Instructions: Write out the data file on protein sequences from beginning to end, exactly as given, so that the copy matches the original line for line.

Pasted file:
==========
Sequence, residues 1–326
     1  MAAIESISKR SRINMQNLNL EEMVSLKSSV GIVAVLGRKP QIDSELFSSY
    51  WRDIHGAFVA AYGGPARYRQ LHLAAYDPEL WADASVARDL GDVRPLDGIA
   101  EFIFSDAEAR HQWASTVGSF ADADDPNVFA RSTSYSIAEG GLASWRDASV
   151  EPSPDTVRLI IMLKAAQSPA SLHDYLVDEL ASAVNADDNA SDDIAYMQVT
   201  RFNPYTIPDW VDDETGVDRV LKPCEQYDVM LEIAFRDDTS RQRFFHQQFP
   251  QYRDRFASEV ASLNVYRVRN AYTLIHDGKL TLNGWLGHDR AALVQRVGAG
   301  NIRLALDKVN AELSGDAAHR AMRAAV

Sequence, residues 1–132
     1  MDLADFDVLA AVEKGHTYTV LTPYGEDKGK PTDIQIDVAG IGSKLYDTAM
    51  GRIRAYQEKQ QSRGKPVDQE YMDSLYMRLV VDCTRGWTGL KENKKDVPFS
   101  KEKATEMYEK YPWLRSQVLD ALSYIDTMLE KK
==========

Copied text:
Sequence, residues 1–326
     1  MAAIESISKR SRINMQNLNL EEMVSLKSSV GIVAVLGRKP QIDSELFSSY
    51  WRDIHGAFVA AYGGPARYRQ LHLAAYDPEL WADASVARDL GDVRPLDGIA
   101  EFIFSDAEAR HQWASTVGSF ADADDPNVFA RSTSYSIAEG GLASWRDASV
   151  EPSPDTVRLI IMLKAAQSPA SLHDYLVDEL ASAVNADDNA SDDIAYMQVT
   201  RFNPYTIPDW VDDETGVDRV LKPCEQYDVM LEIAFRDDTS RQRFFHQQFP
   251  QYRDRFASEV ASLNVYRVRN AYTLIHDGKL TLNGWLGHDR AALVQRVGAG
   301  NIRLALDKVN AELSGDAAHR AMRAAV

Sequence, residues 1–132
     1  MDLADFDVLA AVEKGHTYTV LTPYGEDKGK PTDIQIDVAG IGSKLYDTAM
    51  GRIRAYQEKQ QSRGKPVDQE YMDSLYMRLV VDCTRGWTGL KENKKDVPFS
   101  KEKATEMYEK YPWLRSQVLD ALSYIDTMLE KK